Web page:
Short story in d minor

One morning when Luke Savage awoke from fevered dreams, he had a great idea for a tweet. This tweet would be simultaneously unassuming and profound, bringing with it a torrent of traffic from influencers and putting a smile on the face of all who saw it.

He began to write, certain that new worlds of untold happiness and copious notifications were but 140 characters away. But, as his cursor made the perilous journey from left to right, dropping abruptly with the line break, his brow furrowed. Only 30 characters remained, and the tweet was yet to reach its climax, let alone its critical denouement.

Undaunted, his fingers continued to type even as the rain and sleet battered his face and hair. He had gone where few had dared venture before: beyond the character limit – a risky frontier to which, his courage failing, he hastily tried to retreat. What could be done to salvage the sublime object that was to have been a tweet?

Hark, oh turbulent priest! Hark, oh wretched night! From whence cometh the tortured suffering of man!

The austere revisions began slowly, first by the conversion of “ands” into “&s”. “That actually looks better!”, he lied to himself, as all men do when they are studied by evil.

Still over the character limit, far beyond the precipice of the world, he retreated further. “People” became “ppl”. “Because” was mutilated into “b/c”. Numbers that could be dropped in as shorthand to salvage precious characters were conscripted to do so, and a foul chorus of 2s and 4s took their places amidst the once glistening prose on either side. And yet, against the character limit he still transgressed. His soul tearing itself to pieces he started to excise the punctuation, throwing his once-beloved commas and colons overboard with a demonic zeal in his eye.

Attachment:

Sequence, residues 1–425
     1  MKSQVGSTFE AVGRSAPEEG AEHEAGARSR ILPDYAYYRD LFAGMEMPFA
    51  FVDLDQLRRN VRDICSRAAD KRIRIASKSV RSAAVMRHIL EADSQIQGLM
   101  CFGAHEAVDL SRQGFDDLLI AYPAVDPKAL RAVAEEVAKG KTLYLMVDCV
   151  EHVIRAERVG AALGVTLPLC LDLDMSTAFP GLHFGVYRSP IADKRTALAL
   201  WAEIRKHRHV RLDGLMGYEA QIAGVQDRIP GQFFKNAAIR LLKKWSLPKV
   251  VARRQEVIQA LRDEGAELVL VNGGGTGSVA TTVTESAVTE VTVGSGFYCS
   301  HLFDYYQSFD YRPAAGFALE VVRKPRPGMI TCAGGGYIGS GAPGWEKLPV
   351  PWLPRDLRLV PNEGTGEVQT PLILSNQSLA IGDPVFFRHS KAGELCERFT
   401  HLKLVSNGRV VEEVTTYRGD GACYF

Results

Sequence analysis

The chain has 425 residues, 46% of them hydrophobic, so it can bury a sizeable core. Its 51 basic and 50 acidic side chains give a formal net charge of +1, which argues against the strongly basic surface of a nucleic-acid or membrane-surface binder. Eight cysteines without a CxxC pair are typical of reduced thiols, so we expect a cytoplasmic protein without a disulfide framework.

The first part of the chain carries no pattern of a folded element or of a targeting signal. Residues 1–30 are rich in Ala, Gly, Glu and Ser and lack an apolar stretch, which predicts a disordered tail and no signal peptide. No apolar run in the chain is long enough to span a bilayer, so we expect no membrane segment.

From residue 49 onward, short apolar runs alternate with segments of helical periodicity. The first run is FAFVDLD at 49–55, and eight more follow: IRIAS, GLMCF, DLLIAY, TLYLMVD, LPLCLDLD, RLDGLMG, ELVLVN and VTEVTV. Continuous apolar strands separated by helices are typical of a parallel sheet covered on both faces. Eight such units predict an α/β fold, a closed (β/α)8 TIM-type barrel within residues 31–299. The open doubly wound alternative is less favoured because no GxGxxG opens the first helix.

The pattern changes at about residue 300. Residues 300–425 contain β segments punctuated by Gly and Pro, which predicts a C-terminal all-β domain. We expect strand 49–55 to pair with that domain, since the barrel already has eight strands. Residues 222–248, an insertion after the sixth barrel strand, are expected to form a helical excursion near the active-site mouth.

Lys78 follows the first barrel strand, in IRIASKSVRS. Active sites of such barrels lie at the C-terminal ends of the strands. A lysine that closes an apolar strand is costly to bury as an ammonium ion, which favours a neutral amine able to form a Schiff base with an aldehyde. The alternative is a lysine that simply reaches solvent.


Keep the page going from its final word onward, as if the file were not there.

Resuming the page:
The tweet’s steady rhythm was no more, supplanted by a frenzied staccato such as afflicts the jaundiced brain of a mad man. Where once the voices of angels had met in a single, awesome harmony, he now heard only the dissonant shrieks of damned souls – as if a thousand discordant grand pianos had been hit by a meteor sent from the icy beyond.

Then, suddenly, his soul returned to confront him, rising like a phoenix from the ashes. This tweet was a failure, not even fit for the purgatory of the “drafts” folder. His Promethean ambition thwarted by the Janus-faced temptress of fate and the 140 character limit, he hastily eradicated all evidence of its existence.

He then closed his laptop, having crept a few minutes closer to the autumn of his life in this world.

The universe’s manichaean ballet wore on.


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